Fool Video: Will eBay Sell?

Shares of eBay (Nasdaq: EBAY  ) hit a new 52-week low this week after the company reported slowing growth. Can eBay fix itself with fixed-price listings? Will a competitor make a bid for eBay? What does the future hold for shareholders? In this installment of "Fool Video," Motley Fool contributor Tim Beyers gives his take on eBay and its chances in a competitive landscape that includes Netflix (Nasdaq: NFLX  ) , Amazon.com (Nasdaq: AMZN  ) , Overstock.com (Nasdaq: OSTK  ) , Yahoo! (Nasdaq: YHOO  ) , and Microsoft (Nasdaq: MSFT  ) .

 

Other Fool fare:

Amazon.com, eBay, and Netflix are Motley Fool Stock Advisor picks. Microsoft is a Motley Fool Inside Value recommendation.  

Tim doesn’t own any of the stocks discussed. Mac owns shares of eBay. The Fool has a disclosure policy.


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  • Report this Comment On July 18, 2008, at 11:21 PM, ebayinwonderland wrote:

    Ebay has alienated it's core "customers", yes, I'm talking about the sellers, not the buyers.

    Ebay seems to believe the buyers are their direct customers, the confusion in the messages then give in announcements shows they've lost the focus entirely on who exactly their customers are.

    Further, when you keep your customers (sellers) in constant flux with a never ending stream of serious changes to both the site and it's functionality as well as policies, it becomes impossible to try to change everything you do to create a listing.

    Then add to the chaos that they have turned the table upside down and used it to crush the sellers with oppressive policy to harm buyers, you lose your customers (sellers).

    Ebay has managed to push sellers toward the exit consistently since the first change of policy rolled out the first of February and it's been literally non stop since then.

    Every seller has a saturation point of what they will try to 'work with' and ebay is crossing off many of those points with each additional change.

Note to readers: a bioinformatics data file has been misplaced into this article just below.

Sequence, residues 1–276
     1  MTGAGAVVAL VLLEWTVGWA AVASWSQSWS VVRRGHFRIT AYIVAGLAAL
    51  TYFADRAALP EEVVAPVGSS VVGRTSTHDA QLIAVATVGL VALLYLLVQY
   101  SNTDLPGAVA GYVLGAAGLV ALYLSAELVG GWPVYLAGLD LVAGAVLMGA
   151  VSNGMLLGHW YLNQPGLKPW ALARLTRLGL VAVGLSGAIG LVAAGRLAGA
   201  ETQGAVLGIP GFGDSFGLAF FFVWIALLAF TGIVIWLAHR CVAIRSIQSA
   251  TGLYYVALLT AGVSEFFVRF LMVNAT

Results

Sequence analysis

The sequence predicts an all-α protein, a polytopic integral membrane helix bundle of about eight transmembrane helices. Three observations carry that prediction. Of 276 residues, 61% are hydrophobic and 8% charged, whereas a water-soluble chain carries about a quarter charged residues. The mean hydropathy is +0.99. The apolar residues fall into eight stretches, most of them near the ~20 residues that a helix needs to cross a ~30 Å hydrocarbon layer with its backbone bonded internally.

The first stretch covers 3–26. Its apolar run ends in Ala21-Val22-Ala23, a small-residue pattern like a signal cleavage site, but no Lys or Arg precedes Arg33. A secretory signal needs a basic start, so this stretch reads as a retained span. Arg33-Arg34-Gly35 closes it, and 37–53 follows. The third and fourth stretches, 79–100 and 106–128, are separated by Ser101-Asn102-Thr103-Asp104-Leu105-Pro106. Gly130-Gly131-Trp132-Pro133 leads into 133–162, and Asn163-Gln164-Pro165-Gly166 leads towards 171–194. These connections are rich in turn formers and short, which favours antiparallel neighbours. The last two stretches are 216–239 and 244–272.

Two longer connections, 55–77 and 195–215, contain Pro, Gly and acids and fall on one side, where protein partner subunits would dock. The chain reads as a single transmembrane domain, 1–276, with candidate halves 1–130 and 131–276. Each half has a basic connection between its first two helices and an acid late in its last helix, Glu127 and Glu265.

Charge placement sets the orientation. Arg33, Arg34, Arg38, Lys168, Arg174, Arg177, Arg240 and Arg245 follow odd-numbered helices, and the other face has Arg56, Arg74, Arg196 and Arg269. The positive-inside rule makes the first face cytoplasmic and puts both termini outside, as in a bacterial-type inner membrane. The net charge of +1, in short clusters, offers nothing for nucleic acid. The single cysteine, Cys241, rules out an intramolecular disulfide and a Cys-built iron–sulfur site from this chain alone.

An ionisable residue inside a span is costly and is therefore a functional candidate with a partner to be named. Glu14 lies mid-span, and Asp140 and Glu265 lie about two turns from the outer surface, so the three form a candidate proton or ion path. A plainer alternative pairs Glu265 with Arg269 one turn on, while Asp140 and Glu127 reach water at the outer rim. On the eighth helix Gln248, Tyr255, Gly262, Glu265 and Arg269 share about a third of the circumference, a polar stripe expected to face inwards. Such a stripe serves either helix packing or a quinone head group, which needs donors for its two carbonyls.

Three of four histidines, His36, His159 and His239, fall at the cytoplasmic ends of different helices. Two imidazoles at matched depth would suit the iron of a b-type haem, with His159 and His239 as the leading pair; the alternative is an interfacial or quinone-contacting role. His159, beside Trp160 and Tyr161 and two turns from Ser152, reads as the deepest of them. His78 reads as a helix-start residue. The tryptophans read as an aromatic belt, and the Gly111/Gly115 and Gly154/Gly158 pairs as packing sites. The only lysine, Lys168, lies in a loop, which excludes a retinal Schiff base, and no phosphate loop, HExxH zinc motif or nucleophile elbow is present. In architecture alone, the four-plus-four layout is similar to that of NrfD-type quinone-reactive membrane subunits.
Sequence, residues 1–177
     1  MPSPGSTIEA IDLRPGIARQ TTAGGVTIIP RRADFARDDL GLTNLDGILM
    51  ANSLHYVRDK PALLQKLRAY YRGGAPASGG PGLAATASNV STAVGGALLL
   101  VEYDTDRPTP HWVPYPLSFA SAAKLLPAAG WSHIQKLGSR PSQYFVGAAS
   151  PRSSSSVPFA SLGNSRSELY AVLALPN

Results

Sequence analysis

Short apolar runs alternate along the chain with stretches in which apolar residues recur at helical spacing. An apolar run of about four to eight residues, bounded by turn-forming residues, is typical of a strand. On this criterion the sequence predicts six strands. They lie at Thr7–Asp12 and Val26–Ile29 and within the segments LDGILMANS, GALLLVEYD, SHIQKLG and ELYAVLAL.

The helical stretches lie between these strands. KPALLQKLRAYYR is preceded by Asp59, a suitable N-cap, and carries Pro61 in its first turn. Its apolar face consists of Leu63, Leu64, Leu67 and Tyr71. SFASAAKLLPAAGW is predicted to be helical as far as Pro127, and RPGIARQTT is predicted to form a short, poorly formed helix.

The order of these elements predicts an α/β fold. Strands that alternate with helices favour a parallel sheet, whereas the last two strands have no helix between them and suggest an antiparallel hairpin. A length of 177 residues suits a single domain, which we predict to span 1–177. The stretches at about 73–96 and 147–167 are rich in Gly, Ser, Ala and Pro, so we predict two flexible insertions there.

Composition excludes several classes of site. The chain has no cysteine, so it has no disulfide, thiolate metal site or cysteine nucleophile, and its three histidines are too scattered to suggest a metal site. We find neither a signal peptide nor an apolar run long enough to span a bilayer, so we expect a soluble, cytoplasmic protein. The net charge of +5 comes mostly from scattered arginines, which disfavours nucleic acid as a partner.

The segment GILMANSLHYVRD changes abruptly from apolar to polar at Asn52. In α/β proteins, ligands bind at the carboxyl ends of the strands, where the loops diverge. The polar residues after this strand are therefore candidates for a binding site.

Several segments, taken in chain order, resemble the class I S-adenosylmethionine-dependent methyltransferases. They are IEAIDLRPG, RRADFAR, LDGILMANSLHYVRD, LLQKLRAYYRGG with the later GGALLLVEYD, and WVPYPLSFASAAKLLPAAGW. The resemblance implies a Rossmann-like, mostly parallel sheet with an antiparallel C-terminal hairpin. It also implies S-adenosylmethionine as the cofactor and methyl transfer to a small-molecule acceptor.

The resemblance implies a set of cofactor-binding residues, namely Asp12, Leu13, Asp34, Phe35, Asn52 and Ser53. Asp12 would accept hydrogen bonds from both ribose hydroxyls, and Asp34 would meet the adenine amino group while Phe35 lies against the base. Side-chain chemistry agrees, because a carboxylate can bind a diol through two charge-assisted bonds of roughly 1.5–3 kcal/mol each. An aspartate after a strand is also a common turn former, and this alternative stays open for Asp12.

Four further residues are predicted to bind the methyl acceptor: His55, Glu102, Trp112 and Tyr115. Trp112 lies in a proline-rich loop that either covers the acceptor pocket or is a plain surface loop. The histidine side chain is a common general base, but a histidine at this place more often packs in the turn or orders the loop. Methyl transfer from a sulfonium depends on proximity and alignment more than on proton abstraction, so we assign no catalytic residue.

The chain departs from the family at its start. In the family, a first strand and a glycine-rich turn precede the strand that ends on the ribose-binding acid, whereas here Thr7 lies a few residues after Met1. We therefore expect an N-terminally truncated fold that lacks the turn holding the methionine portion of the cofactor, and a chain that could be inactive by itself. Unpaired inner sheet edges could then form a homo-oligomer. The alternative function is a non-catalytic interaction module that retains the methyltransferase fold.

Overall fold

It is a hostile selling environment from both the standpoint of site use, cost and ebay has even managed to make it an open season on sellers by less than honorable 'buyers'.

    It's cooked.

    The third quarter, traditionally a slow time will bring even more downturn in ebay's core market.

    As to the number of new customers? Ebay has been losing growth in a strong and steady decline for the last 9 quarters. This is nothing new.

    And since ebay considers an "active user" anyone who so much has placed a single bid or listed a single item in the prior 12 months, how many of those "members" are really of any worth?

    By the looks of the earnings call, not many.

  • Report this Comment On July 21, 2008, at 7:52 AM, Eastwood4460 wrote:

    I reached my tipping point with ebay about 2 years ago when I found the Powersellersunite website and discovered the many alternative auction sites out there. You can only push the fees so far and demand will fall for your services or product, whether you have a monopoly in auctions or oil. Lowering the fees is a good step, however a lot of sellers will not be returning.

  • Report this Comment On July 27, 2008, at 12:43 PM, ebaykillseller wrote:

    For years now we have made our living only selling on ebay. We pay them on time every month to use thier services. Now they have made it so hard for sellers. It seems to me that ebay thinks the buyers are more important then the sellers. Now if a buyer does wrong or is a scam artist, you can't even tell because sellers can not leave bad feedback to warn others. Some times you bump into some crazy bidders that no matter how hard you try you just can't make them happy. If you don't make bidders happy then you as a seller get kicked off ebay. It getting to be nerve racking don't knowing what day ebay will decide to cancel us and put us out of business. We need to now start looking for another option to make a living.

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